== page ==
Elected as county sheriff on a paranormal defense and anti-goblinry
platform, Sheriff Cecil Kotto has defended the citizens of his Rust Belt
community from secret societies, malignant aliens, blood-stealing
nonprofit organizations, and more.
To document his war against the paranormal, Kotto stars in Freaky Tales From the Force, a local documentary-style public access television show produced by reporter Veronica Cartwright.
Join Sheriff Kotto, his intrepid deputies, and the public access
television crew as they investigate a variety of supernatural threats
including wendigos, a lizard boy, evil clones, a haunted numbers
station, flesh creepers, the wreckage of neoliberal economic policies, a
Nazi sorcerer, a spectral locomotive—and a season-spanning threat:
cosmic bloodsucking bastards from outer space!
Each story in this anthology represents one episode of Freaky Tales‘ inaugural season, capturing all the high-octane, hard-drinking, high-strange action. Featuring special guest star writers and a new long-form story arc, Freaky Tales From the Force: Season One is the perfect book for readers new to the Kottoverse and long-time fans alike.
Tune in, crack a beer, watch the skies—and support your local sheriff!
2. House on Haunted Hill (1959). Vincent Price is a rich tycoon who invites people to a splendid little party in a haunted house to celebrate his wife’s birthday, and offers them each $10,000 if they survive the night. This was the first horror film I ever owned on VHS, and I watched it all the time. It’s got everything—ghosts, deception, murder, a vat of acid, a skeleton, blood dripping from the ceiling … It’s pure 50s cheesy-horror cinema, a William Castle classic that is as self-aware and clever as it is creepy. I just wish I could’ve seen it with the in-theater gags and effects. There’s technically superior films on this list, of course, but this one is near and dear to me. I watch it every year, and love sharing it with people for the first time. It never disappoints. And, like Night of the Living Dead, it’s in the public domain. Enjoy!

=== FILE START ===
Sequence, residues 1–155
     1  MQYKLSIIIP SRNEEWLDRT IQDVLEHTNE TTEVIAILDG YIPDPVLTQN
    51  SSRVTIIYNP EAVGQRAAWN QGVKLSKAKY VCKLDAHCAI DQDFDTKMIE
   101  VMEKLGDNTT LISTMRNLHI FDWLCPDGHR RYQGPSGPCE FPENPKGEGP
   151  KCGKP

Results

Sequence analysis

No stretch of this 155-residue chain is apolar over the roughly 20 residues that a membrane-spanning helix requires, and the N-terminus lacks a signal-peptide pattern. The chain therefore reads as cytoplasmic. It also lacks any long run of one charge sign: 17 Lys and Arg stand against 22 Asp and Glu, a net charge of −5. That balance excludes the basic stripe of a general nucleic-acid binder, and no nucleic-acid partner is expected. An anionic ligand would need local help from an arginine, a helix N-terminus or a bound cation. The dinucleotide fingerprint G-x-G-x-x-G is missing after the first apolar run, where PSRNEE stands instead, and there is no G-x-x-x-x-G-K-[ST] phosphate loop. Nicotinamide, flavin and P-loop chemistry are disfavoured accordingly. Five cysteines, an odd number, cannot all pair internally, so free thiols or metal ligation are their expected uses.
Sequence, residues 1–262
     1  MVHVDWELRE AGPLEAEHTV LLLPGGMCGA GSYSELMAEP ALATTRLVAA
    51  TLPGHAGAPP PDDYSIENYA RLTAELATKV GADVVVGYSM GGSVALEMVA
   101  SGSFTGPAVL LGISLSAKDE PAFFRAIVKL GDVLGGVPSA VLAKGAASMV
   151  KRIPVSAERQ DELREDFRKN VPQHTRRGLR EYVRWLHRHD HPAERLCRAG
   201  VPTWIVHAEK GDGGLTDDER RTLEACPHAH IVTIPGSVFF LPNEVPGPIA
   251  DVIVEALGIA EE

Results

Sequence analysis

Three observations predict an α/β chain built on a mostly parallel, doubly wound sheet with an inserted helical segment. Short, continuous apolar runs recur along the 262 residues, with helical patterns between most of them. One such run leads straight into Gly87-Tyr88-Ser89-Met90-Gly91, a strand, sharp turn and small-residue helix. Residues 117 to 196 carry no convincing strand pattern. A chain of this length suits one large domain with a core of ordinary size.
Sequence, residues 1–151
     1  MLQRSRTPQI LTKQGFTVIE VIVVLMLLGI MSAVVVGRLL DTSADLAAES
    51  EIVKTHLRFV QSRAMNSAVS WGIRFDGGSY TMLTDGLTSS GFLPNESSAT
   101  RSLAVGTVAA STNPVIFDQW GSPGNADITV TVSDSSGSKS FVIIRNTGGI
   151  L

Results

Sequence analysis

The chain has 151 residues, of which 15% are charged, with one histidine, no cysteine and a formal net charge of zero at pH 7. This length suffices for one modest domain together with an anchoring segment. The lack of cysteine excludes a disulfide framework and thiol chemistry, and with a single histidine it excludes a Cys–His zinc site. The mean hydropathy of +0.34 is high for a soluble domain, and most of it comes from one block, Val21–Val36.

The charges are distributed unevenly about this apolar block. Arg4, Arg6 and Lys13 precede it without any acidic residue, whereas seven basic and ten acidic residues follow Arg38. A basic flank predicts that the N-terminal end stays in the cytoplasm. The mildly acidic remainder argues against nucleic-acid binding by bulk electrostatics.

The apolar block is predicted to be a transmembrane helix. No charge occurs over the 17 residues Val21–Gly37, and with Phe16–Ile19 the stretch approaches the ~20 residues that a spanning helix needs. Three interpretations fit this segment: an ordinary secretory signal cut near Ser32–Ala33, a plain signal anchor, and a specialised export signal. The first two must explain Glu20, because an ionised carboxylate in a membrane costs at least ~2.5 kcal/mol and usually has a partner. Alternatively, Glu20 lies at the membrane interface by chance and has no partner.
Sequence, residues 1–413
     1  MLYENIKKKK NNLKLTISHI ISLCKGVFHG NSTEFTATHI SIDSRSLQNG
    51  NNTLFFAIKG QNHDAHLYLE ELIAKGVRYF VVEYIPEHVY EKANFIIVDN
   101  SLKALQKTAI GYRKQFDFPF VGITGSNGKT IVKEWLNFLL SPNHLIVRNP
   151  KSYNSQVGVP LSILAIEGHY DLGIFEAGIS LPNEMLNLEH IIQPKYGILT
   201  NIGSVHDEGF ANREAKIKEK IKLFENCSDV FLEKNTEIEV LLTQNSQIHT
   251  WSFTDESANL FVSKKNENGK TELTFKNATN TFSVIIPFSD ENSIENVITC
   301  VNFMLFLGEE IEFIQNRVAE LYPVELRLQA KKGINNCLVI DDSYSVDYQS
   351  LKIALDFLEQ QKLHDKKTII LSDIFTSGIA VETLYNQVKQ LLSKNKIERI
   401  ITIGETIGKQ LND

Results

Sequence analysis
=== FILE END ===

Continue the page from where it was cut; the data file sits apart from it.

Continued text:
3. Night of the Living Dead (1968). Once upon a time, zombies were interesting. And they were made interesting because of a nobody filmmaker named George Romero working outside of Pittsburgh, who decided to revamp a minor horror movie trope (the zombie) into a vehicle for community and Cold War terror. Radiation (or something) causes the dead to start walking again, and, despite how slow and stupid they are, we just can’t seem to work together long enough to survive wave after wave of our re-animated neighbors coming to devour our flesh. Talk about an allegory for the American political system. Once Duane Jones (a black man) was cast as Ben, Romero didn’t re-write the dialogue or how the other characters responded to him—but Jones did modify the lines for his own performance. He elevated the speech of a “simple” (initially white) trucker to be clearer and without some of the more cartoonish affectations. Suddenly, an average Joe working man (who happens to be black) could be the responsible, strong, and intelligent lead in a 1960s film. What could be more politically subversive than that?